Apple’s “NameDrop” Feature Probably Isn’t a Security Risk for Your Business
It’s not necessarily “easy” to fend off bad actors these days. There are plenty of vulnerabilities and weak points in all our digital devices, that it takes thought to protect both business and personal data from ending up in the wrong hands. That’s only made worse when it seems like a major company, like Apple, introduces a new feature that
November 28, 2023
It’s not necessarily “easy” to fend off bad actors these days. There are plenty of vulnerabilities and weak points in all our digital devices, that it takes thought to protect both business and personal data from ending up in the wrong hands. That’s only made worse when it seems like a major company, like Apple, introduces a new feature that poses a fresh security risk.
There are news reports circulating online about “NameDrop,” a new iPhone feature added as part of iOS 17. These reports highlight concerns from law enforcement agencies around the country that NameDrop can potentially leak your contact information to strangers just by getting close to your iPhone.
If true, that would, of course, pose a huge security vulnerability. Bad actors could simply walk up to you, bring their iPhone close to yours as subtly as possible, and steal your email address and phone number without warning. That would aid in spam and phishing schemes that could potentially put your business at risk.
Luckily, the law enforcement agencies have this one mostly wrong. While their concern is well placed, NameDrop is quite safe to use. It’s true that NameDrop works by placing two iPhones close together, but it’s more complicated than the reports make it out to be. First, both iPhones need to be unlocked. Next, they need to be placed together so the tops of both iPhones are essentially touching. They need to be held in this position for more than a few seconds to initiate NameDrop, so it isn’t likely that someone would be able to do this without your knowledge.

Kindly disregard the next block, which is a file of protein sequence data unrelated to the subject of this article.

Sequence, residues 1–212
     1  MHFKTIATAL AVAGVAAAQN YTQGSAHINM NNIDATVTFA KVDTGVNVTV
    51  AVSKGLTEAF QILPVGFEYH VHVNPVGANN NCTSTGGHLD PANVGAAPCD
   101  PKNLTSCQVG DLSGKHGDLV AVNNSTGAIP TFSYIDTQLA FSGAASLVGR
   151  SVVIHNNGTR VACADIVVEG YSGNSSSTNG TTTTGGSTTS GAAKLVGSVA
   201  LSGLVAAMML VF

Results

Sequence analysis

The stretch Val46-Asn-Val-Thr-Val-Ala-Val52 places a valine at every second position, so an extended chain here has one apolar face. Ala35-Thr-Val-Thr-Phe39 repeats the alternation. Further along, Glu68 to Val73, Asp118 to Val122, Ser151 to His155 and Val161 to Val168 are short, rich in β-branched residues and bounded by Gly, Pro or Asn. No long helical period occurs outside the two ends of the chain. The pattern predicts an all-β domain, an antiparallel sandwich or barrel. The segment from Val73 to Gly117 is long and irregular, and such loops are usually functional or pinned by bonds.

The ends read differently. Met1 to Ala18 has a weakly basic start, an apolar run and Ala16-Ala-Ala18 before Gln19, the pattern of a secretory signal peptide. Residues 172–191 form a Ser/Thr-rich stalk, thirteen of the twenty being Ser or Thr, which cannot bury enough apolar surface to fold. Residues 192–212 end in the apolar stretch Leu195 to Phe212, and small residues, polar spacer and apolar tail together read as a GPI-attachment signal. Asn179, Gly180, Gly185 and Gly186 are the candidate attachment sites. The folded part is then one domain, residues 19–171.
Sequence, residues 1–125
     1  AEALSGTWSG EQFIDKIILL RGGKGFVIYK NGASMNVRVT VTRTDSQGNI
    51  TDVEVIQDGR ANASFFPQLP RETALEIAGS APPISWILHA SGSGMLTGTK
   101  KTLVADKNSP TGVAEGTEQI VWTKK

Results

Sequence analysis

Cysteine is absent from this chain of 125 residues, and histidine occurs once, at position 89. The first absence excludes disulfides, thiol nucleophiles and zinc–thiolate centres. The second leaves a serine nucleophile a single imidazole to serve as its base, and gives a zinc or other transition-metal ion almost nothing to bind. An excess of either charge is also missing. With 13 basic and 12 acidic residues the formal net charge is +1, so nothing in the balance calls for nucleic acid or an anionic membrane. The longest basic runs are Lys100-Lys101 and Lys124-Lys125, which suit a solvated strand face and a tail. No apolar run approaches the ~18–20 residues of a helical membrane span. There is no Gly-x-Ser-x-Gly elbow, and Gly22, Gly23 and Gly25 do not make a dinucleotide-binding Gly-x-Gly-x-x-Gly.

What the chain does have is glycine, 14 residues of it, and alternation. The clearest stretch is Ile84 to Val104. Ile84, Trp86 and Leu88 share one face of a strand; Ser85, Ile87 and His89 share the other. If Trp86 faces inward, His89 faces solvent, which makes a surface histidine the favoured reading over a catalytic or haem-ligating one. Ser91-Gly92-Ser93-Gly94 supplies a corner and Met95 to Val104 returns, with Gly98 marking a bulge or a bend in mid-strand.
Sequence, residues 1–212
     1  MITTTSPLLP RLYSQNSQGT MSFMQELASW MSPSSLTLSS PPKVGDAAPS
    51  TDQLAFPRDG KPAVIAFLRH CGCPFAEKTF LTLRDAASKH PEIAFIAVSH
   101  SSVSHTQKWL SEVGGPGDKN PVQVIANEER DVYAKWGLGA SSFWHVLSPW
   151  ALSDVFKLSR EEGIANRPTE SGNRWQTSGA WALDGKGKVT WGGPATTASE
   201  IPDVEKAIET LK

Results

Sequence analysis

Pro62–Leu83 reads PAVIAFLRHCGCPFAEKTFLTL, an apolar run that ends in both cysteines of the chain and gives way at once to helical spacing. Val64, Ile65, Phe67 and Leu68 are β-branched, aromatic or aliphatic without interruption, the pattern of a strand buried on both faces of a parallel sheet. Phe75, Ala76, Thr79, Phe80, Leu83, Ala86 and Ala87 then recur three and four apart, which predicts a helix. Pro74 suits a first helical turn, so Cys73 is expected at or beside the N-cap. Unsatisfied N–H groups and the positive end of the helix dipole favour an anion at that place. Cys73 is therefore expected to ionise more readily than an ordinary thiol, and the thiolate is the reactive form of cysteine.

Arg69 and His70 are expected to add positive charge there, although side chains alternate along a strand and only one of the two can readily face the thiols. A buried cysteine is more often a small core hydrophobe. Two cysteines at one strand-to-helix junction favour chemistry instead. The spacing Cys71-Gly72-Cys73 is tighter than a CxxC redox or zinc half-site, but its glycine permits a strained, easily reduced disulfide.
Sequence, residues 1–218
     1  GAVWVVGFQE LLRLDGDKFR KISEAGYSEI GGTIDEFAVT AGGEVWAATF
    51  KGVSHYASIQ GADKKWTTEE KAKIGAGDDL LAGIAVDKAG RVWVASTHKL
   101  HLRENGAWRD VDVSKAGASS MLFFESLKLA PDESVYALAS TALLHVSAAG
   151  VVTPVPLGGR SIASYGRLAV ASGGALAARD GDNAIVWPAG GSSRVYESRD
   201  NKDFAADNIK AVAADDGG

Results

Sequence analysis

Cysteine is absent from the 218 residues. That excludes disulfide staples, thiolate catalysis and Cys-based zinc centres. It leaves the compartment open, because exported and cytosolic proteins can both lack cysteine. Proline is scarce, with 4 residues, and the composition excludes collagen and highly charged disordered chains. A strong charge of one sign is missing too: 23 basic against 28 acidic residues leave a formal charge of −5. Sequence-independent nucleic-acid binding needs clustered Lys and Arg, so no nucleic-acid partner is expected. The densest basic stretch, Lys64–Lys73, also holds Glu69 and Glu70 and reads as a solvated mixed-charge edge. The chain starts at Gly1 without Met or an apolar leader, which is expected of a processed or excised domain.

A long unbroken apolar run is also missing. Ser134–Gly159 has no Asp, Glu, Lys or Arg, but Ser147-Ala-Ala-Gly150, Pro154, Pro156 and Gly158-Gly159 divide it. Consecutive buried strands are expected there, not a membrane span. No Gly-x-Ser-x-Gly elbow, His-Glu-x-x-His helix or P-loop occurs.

But most importantly, you control when you send and receive contact information during NameDrop. When the feature pops up on your iPhone, you’ll see these options, as will the other user. Even if the other users chooses to receive your contact info, you’d need to agree to share it first, thwarting the plans of any bad actor looking to swipe your details.
As long as you aren’t leaving your unlocked iPhone around for strangers to access, NameDrop shouldn’t pose a risk to your business and its data.
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